I’ve heard a lot of mixed reviews about this location from my friends who are of Chinese/Taiwanese ancestry since some have said that they’ve sold out to Western tastes while others have conjectured that they still keep it old school with some of their menu selections.  Adventure time!  I went there with my girlfriend since we had a craving for dim sum, and luckily, they indulged us in the afternoon when other diners only serve the Chinese version of tapas at night. IMG_3682 After scaling the stairs, we were greeted with a spacious dining hall that was sparsely populated, but I’m sure come dinner time it would be packed.IMG_3681  It was tastefully decorated but unusually warm as if the air conditioning didn’t work, clearly an air conditioning repair is in order.  It didn’t help they gave us hot tea to drink upon sitting down.  While living in Korea, I learned the best method for allegedly cooling down is to consume hot food and drinks in order to make it not seem as sweltering outside…it doesn’t work for me, but who knows?  So we looked over the dim sum menu, and it was quite minuscule compared to the selection at other competitors.  Triple Crown’s normal entree menu is quite encyclopedic though ranging from fried rice and orange chicken to more old-school dishes like tripe and duck tongues.  We saved those options for another day though.  After picking a smattering of dim sum plates, we waited for about 20 minutes for the first wave to emerge.   We were greeted by three steamed char siu barbecue pork buns and three scallion and shrimp cakes.  I started with the bbq pork buns since I love pork and savory sauces.IMG_3683  The chewy, white exterior gave way to a blood red interior that immediately gave me a minor case of the meat sweats.  The pork was tender and slathered in a semi-sweet yet tangy sauce. IMG_3685 I still think they could have been better with a meat to bread ratio that leaned toward the former rather than the latter, but I did enjoy them from the first to the last gooey bite.  As for the shrimp and scallion cakes, they were much more interesting since the delicate, translucent covering gave way to a plethora of verdant onions that provided a real pep to the chunks of plain shrimp. IMG_3684IMG_3686 I like my shrimp, but the scallions were the only saving grace of this dim sum choice since the shellfish weren’t even seasoned.  While we were gobbling down the first wave, the second installment invaded our table with a trio of fried sesame balls and a quartet of siu mai/shumai dumplings.  I’ll start with the latter first since they have an interesting background.  While many scholars contend that these uniquely shaped dumplings originated in Inner Mongolia, they quickly became associated with Cantonese cuisine in the West due to this population’s mass diaspora throughout Europe and America.  In Chinese, “shumai” literally means “to buy and sell”, and while we did buy them, I wasn’t completely sold on them. IMG_3688 The outer dough was chartreuse, but didn’t bring much to the table (pun intended) in terms of flavor.  On the other hand, the interior was adequately prepared.  It seemed to be a mix of pork seasoned with soy sauce and ginger that reminded me of a Swedish meatball sans sauce.  Nothing really mind blowing though even with the generous helping of orange fish roe atop the meat like an ill-fitting ginger toupee.  Our meal took a turn for the better with the fried sesame buns.  IMG_3687While they did contain a hefty helping of one of my few bugbears in Far Eastern cooking, sweet red bean paste, I loved the copious amounts of savory sesame seeds that jived all meal long with the crunch exterior encasing a chewy rice cake interior.  I hated eating plain rice cake or “tteok” in Korea, but the Chinese managed to find a way to make it much more palatable.  I’d highly recommend these if you’re looking for a dim sum plate that has great textural and taste variety.  As we were working on this penultimate round of dishes, the piece de resistance emerged:  the chicken feet.  While they’re more commonly known as “phoenix talons” in Chinese, these chicken feet are another one of my must-have’s when going out for dim sum.  While most people, including my girlfriend, are disgusted at the sight of me chomping on the chickens’ tootsies, they’re truly missing out a delicious delicacy. IMG_3689 The feet are boiled, deep fried, and then seasoned with a black bean sauce that is sweet with a hint of spice.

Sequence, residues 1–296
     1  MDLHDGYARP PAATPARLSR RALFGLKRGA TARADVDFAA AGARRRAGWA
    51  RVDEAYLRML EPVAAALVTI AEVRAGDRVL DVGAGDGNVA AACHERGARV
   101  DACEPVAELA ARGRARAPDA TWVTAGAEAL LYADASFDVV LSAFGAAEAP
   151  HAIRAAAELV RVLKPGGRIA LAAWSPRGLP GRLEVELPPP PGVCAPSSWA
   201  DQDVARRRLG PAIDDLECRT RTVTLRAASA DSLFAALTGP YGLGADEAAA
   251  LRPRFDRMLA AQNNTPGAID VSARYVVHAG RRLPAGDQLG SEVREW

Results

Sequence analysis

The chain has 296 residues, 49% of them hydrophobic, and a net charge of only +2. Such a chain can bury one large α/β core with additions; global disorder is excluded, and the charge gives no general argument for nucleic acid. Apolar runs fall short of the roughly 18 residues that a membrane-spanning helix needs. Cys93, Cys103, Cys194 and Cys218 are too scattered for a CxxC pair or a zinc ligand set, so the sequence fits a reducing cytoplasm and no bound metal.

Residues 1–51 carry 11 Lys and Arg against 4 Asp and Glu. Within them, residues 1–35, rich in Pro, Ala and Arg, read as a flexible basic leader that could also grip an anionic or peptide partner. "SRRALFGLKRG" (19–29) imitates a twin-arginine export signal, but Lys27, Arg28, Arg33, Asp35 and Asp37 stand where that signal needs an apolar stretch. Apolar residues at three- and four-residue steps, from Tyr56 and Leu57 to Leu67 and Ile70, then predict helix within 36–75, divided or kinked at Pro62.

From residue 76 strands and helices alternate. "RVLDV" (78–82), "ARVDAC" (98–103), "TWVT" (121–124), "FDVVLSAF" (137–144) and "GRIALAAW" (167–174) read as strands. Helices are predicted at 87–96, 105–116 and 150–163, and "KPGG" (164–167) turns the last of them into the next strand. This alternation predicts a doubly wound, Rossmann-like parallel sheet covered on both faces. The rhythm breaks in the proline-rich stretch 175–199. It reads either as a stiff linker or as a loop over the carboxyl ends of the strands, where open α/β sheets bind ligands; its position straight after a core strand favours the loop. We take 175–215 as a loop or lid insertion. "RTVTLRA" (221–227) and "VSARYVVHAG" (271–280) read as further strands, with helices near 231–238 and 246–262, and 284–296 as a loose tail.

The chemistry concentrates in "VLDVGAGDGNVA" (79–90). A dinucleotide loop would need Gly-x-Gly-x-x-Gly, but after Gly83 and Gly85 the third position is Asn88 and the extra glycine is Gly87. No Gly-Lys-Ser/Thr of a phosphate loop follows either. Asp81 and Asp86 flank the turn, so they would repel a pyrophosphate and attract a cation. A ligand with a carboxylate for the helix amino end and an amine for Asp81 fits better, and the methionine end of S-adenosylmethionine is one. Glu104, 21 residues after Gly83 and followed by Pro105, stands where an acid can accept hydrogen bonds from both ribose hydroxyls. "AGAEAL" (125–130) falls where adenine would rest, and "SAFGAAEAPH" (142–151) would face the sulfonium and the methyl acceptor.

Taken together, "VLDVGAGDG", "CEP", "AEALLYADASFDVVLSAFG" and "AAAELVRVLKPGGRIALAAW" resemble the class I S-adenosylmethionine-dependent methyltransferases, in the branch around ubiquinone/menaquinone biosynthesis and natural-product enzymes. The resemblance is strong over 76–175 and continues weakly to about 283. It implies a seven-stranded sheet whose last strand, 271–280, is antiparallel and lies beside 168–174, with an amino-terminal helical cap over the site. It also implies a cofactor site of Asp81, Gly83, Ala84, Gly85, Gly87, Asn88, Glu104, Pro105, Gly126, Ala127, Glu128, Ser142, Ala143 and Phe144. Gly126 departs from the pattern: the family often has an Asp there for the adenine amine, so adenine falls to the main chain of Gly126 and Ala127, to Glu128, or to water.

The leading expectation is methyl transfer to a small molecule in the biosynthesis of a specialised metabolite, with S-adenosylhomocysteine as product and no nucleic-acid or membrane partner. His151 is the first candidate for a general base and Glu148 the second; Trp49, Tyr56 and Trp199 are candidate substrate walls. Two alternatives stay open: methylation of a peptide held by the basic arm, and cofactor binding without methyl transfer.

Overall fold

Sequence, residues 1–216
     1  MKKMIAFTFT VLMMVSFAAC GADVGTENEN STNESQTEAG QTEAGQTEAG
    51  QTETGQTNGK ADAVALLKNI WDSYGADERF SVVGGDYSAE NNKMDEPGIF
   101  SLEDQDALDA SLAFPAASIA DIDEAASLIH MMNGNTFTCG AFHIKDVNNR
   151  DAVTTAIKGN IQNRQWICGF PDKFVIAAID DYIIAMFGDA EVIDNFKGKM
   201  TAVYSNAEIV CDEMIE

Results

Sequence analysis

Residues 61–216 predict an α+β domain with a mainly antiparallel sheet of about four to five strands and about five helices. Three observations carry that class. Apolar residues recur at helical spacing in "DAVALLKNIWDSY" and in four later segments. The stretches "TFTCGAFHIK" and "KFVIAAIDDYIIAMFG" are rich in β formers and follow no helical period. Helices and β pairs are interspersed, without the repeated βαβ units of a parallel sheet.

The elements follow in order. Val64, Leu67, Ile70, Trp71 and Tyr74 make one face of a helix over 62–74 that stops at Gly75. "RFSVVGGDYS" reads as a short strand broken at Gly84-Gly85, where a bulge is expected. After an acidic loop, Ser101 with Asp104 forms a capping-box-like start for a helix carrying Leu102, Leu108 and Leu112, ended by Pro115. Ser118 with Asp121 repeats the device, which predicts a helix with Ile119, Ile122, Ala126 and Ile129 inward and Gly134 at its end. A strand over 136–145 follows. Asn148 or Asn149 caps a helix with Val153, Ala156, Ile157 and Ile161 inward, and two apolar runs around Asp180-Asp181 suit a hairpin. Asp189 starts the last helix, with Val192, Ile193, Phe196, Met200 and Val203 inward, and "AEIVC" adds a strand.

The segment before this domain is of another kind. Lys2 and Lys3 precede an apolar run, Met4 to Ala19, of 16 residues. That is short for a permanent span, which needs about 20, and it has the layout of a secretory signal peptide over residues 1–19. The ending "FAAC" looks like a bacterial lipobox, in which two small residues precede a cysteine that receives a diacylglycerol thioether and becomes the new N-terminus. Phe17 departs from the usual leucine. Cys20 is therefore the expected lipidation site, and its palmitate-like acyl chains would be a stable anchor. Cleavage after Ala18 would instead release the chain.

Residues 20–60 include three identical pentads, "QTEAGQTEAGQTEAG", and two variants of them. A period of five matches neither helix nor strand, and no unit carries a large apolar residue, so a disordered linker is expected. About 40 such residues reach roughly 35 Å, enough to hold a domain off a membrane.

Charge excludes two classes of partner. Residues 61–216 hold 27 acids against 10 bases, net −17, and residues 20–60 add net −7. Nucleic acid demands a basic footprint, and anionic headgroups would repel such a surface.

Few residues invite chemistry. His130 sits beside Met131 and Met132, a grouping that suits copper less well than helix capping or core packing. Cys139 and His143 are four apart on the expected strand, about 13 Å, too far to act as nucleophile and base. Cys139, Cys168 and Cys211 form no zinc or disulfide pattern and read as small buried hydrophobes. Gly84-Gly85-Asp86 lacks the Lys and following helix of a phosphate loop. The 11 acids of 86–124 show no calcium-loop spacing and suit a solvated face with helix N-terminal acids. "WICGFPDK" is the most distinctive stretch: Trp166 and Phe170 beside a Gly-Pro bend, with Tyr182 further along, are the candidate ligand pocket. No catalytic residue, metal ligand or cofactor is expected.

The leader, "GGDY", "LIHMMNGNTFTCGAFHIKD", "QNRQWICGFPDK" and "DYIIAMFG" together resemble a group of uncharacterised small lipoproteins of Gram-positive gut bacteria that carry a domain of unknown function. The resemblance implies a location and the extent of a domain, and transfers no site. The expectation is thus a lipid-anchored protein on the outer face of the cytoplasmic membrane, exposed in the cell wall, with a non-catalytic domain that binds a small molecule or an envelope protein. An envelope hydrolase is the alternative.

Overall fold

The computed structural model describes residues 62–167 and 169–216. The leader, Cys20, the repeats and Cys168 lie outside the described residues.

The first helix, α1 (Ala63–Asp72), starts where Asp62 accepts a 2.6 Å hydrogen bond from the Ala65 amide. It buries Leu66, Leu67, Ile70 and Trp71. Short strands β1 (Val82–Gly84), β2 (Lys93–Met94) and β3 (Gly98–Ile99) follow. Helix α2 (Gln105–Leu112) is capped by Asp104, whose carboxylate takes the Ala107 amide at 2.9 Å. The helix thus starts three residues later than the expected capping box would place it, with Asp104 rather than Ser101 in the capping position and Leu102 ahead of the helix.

Getting cold feet.  Hiyo!

Getting cold feet. Hiyo!

I’m not going to say that it’s for everyone since there are a lot of bones and cartilage to deal with and not a ton of meat, but what meat there is, it’s mind blowingly tender along with the slightly crispy skin.  IMG_3762It’s a mind over matter sort of choice, but you’d be crazy not to try it.

By the end of the meal, we were stuffed and paid only 20 bucks total for two people for a ton of good food.  While I’ve been spoiled by dim sum restaurants overseas or other local establishments with bigger menus, I’d still recommend Triple Crown if you’re looking for a new Chinatown eatery or even want to try dim sum for the first time.

Triple Crown Restaurant on Urbanspoon

Hong Kong (Part 1)- 10 Points For Slytherin For Going Hog Wild